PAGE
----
The remote possibility that an uncontrolled re-entry of orbital debris, also called space debris, could endanger civil airspace falls far outside normal experience. Space debris is defined at the international level as “all man-made objects, including fragments and elements thereof, in Earth orbit or re-entering the atmosphere, that are non-functional.”1
Before initiating controlled spacecraft re-entries, U.S. programs must demonstrate that the probability of human casualty from the “surviving” debris — that is, debris not rendered harmless by atmospheric demise (objects being consumed by burning) — will not be greater than 1 chance in 10,000, says the U.S. National Aeronautics and Space Administration (NASA).2
In January, a de-orbiting spacecraft inspired the Russian Federal Space Agency (ROSCOSMOS) and Eurocontrol to direct the world’s attention to orbital debris re-entry issues such as reasonable preparedness, mitigations and limiting human casualty risk. The issues somewhat paralleled those surrounding the April 2010 eruption of the Eyjafjallajökull volcano in Iceland.
Equivalent gaps in decision-making methods regarding orbital debris re-entry events — beyond alerting the aviation community — have not been identified, based on a brief ASW review of space agency summaries of known risks and mitigations.
A number of documents outline the high-level issues and specify mitigation procedures required by national authorities. For example, according to the Inter-Agency Space Debris Coordination Committee (IADC), a forum for space agencies from 11 nations and Europe, “If a spacecraft or orbital stage is to be disposed of by re-entry into the atmosphere, debris that survives to reach the surface of the Earth should not pose an undue risk to people or property. This may be accomplished by limiting the amount of surviving debris or confining the debris to uninhabited regions, such as broad ocean areas. … The operator of the system should inform the relevant air traffic and maritime traffic authorities of the re-entry time and trajectory and the associated ground area.”3
NASA notes that “using materials that tend to demise [limiting the number and size of orbital debris fragments that survive] upon re-entry remains one of the more important strategies in reducing the debris risk to persons on the Earth.”4
European Alert of 2012
Eurocontrol placed its Network Management Directorate on standby status, then alert status, “for the possible uncontrolled re-entry of the Russian satellite, Phobos Grunt, into Europe’s busy airspace,” according to its summary of the January event. Eurocontrol said, “[ROSCOSMOS] announced that it was expected to fall somewhere on Earth between Saturday and Monday, 14–16 January 2012. But they could not predict when — neither date nor time — or where this re-entry would happen, as it was affected by many changing factors, such as solar [space] weather and the spacecraft’s orientation.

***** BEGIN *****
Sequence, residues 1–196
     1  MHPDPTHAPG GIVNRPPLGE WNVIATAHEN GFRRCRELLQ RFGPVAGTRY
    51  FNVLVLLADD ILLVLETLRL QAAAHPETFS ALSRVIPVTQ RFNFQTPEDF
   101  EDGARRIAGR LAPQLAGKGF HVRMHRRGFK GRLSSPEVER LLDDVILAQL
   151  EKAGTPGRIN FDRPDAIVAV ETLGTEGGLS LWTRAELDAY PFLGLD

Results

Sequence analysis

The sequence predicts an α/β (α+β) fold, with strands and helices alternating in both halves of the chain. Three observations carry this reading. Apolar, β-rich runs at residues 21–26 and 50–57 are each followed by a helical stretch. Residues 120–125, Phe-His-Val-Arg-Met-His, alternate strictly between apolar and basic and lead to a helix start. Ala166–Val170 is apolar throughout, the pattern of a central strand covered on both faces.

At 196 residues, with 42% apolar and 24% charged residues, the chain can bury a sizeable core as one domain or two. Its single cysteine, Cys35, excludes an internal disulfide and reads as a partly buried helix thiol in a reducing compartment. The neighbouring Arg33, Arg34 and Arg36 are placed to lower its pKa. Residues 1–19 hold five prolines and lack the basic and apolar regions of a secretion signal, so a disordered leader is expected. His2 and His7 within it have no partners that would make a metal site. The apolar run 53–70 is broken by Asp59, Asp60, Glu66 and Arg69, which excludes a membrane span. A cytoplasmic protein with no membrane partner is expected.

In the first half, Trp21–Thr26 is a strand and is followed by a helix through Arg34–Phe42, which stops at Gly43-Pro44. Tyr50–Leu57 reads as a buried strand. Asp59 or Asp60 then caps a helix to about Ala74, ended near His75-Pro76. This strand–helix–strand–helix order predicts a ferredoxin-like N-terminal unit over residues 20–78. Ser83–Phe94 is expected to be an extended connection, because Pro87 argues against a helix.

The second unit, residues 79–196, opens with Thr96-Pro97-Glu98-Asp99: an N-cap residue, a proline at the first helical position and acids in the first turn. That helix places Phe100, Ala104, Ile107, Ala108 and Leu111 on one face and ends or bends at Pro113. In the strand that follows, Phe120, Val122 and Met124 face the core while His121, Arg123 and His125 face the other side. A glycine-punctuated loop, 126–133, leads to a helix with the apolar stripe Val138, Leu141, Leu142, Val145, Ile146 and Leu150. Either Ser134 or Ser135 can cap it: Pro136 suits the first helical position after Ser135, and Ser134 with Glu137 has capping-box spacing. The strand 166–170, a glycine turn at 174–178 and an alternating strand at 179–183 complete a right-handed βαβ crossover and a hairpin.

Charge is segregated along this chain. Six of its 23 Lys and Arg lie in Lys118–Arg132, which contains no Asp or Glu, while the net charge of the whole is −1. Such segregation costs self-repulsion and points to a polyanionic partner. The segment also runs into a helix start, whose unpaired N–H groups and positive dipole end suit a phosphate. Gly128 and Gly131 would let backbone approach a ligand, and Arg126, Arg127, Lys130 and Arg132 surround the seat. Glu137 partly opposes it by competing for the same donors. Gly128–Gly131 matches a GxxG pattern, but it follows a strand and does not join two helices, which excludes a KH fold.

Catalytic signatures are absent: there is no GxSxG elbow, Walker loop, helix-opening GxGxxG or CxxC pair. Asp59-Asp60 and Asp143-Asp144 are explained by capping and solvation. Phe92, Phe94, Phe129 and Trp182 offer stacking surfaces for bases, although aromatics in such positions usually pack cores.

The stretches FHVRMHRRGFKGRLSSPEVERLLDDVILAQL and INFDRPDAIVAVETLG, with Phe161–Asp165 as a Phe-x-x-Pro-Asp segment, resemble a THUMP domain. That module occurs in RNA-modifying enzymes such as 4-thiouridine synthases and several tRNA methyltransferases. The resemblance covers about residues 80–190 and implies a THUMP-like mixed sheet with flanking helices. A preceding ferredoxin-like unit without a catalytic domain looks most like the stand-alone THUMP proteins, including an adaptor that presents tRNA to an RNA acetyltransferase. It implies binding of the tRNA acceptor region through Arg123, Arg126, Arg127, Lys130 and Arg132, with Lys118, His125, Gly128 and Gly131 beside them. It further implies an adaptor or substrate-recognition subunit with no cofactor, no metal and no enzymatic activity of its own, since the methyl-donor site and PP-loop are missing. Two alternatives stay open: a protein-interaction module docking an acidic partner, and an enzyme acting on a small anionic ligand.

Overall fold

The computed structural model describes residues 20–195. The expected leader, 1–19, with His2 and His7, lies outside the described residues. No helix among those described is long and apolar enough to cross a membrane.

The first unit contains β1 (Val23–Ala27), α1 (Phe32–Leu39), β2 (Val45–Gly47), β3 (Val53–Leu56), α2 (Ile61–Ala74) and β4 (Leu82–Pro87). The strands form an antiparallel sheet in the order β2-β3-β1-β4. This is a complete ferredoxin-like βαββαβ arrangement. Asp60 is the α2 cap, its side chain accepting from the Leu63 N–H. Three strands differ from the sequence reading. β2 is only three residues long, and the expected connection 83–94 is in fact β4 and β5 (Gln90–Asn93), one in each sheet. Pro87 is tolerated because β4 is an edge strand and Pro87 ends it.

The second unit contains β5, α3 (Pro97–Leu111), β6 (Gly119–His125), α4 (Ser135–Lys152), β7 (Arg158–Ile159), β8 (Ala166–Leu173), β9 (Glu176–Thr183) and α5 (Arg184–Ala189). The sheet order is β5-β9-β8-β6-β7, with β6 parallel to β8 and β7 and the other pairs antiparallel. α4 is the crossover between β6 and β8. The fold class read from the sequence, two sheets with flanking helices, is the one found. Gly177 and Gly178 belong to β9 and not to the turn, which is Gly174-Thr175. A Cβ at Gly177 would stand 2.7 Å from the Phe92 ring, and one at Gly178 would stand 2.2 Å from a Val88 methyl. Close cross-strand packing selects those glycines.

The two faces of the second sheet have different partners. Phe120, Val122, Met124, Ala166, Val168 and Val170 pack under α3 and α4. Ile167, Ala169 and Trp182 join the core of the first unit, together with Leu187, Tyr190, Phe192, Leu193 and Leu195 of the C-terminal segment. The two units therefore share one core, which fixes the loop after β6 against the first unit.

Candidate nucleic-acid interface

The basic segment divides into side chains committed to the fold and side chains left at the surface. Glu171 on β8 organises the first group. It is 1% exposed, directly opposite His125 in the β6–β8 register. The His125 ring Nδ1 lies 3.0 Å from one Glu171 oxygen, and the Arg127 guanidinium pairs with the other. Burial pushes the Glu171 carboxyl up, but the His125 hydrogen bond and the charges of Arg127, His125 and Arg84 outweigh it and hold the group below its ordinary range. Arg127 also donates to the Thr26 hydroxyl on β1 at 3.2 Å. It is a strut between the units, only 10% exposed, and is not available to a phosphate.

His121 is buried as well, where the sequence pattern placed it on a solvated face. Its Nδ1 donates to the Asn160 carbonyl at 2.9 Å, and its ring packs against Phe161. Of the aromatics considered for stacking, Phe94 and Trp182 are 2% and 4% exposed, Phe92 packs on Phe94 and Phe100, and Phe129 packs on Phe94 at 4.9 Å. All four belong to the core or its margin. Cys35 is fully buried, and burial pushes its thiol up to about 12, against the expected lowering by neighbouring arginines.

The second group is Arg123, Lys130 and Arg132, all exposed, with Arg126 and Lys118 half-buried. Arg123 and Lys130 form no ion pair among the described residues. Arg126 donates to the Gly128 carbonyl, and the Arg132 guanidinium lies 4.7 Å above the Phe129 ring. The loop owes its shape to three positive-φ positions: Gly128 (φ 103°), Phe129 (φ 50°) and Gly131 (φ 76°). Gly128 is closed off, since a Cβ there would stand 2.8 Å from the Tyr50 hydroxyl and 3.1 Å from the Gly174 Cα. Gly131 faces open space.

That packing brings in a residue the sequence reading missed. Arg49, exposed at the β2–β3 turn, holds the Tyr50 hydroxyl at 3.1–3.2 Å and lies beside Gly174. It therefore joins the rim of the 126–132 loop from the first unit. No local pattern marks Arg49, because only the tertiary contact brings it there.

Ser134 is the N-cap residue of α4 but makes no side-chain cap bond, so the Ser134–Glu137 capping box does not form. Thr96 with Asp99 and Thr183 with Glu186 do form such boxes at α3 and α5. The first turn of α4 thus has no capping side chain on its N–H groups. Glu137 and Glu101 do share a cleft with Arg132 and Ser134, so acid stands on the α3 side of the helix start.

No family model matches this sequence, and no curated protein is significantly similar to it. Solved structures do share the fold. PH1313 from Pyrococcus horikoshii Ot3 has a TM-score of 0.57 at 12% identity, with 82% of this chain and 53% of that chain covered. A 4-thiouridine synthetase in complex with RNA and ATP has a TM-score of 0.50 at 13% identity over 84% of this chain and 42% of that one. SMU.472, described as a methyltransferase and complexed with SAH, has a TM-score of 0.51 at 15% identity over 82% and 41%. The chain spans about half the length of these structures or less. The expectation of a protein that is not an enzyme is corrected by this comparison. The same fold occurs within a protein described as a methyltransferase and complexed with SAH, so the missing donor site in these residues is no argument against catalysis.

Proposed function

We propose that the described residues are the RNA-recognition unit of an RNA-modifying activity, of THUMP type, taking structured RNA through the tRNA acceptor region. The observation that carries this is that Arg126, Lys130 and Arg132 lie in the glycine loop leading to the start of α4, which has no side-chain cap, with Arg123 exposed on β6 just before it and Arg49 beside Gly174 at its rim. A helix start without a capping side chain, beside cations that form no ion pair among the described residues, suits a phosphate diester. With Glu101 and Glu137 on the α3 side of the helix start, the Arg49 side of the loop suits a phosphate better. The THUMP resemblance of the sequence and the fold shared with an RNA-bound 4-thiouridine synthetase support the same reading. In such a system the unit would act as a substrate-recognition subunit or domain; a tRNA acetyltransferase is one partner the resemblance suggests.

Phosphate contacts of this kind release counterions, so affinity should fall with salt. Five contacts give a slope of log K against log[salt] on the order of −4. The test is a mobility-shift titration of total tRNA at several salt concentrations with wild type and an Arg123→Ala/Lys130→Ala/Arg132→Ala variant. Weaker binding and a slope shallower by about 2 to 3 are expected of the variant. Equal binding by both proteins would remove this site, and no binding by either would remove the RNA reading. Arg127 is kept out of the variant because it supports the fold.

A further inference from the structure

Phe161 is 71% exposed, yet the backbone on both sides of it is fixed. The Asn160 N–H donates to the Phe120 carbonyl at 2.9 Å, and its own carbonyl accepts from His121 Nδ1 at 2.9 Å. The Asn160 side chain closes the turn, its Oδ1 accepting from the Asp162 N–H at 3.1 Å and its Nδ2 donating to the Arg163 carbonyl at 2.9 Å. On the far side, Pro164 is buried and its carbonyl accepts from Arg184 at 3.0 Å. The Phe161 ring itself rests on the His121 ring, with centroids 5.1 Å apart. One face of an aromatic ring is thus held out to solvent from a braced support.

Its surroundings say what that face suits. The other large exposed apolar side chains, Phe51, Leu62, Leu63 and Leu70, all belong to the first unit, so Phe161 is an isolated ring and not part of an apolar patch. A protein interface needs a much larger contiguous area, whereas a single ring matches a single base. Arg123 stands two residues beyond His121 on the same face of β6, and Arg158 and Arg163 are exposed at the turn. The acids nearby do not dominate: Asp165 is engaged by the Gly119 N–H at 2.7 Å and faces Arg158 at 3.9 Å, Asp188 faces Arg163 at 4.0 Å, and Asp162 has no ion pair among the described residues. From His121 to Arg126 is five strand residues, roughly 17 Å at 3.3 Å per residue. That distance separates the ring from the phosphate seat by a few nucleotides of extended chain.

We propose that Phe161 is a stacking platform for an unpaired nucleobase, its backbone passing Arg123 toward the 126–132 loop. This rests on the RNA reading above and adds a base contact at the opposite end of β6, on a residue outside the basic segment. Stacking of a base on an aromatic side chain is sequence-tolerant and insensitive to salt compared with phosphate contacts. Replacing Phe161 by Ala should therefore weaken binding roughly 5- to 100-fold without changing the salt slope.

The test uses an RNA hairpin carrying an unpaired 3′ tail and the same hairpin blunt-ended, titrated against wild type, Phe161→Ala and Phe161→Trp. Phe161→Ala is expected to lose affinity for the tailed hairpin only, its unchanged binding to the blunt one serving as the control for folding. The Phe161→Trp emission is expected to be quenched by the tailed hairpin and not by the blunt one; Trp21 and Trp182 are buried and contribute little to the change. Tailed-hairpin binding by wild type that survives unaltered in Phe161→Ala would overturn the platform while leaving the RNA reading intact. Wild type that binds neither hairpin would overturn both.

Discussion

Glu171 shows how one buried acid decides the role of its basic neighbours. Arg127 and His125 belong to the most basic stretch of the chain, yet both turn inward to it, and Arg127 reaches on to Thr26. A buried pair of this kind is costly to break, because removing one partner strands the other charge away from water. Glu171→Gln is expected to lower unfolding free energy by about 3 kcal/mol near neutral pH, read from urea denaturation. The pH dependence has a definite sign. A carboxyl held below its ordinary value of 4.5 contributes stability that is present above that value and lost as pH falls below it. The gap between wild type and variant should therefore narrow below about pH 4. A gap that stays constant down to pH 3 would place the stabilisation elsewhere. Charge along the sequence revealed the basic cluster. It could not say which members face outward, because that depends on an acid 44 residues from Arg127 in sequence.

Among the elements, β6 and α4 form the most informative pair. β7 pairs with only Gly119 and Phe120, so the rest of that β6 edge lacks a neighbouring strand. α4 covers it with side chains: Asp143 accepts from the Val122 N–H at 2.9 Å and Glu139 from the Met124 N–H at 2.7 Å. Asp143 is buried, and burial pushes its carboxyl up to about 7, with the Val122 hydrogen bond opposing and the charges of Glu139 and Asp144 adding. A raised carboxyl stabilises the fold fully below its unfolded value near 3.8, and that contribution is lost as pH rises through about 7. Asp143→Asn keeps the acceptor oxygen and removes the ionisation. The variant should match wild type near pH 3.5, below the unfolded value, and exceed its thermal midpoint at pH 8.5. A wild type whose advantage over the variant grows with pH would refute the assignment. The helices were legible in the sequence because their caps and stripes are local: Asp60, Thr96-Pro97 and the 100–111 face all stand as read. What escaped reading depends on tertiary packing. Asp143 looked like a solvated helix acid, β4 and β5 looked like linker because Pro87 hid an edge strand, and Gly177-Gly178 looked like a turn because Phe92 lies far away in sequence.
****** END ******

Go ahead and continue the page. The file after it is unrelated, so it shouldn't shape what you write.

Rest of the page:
“On Sunday, the middle of the re-entry window, the [Eurocontrol] Network Management Operations Centre received a copy of an international NOTAM [notice to airmen] from the Russian authorities, requesting European states to close their airspace for a two-hour period.”
On that day, Eurocontrol facilitated a coordination process and conducted a teleconference for European air navigation service providers (ANSPs) and aircraft operators.
“A number of ANSPs issued a NOTAM warning operators of the potential hazard but given the uncertainty as to the area of possible re-entry, no further action [such as closing airspace or grounding aircraft] was proposed,” Eurocontrol said. “The satellite landed in the Pacific Ocean, some distance away from the Chilean coast.”
Controlled vs. Uncontrolled
European Space Agency (ESA) scientists in 2009 explained how, other than by failure to propel a spacecraft into an intended orbit or beyond the Earth’s gravity, even intact spacecraft ultimately experience an uncontrolled re-entry. “Satellites launched into low Earth orbit are continuously exposed to aerodynamic forces from the tenuous upper reaches of the Earth’s atmosphere,” ESA said. “Depending on the altitude, after a few weeks, years or even centuries, this resistance will have decelerated the satellite sufficiently so that it re-enters into the atmosphere. At higher altitudes — i.e., above 800 km [500 mi] — air drag becomes less effective, and objects will generally remain in orbit for many decades.”
NASA and its counterparts draw sharp distinctions between the relative risks to people from controlled versus uncontrolled re-entries of spacecraft, including implications of the survival of debris long enough to reach aircraft altitudes. NASA said, “An uncontrolled re-entry is defined as the atmospheric re-entry of a space structure in which the surviving debris impact cannot be guaranteed to avoid landmasses. … Usually, large objects that have impacted the ground are from uncontrolled entries or orbital decay, so the impact point cannot be calculated exactly.”
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- IADC. “IADC Space Debris Mitigation Guidelines.” IADC-02-01, Revision 1. September 2007.
- NASA. “Process for Limiting Orbital Debris.” NASA Technical Standard NASA-STD-8719.14A. Dec. 8, 2011.
- NASA. NASA Handbook for Limiting Orbital Debris. NASA Handbook 8719.14, July 30, 2008.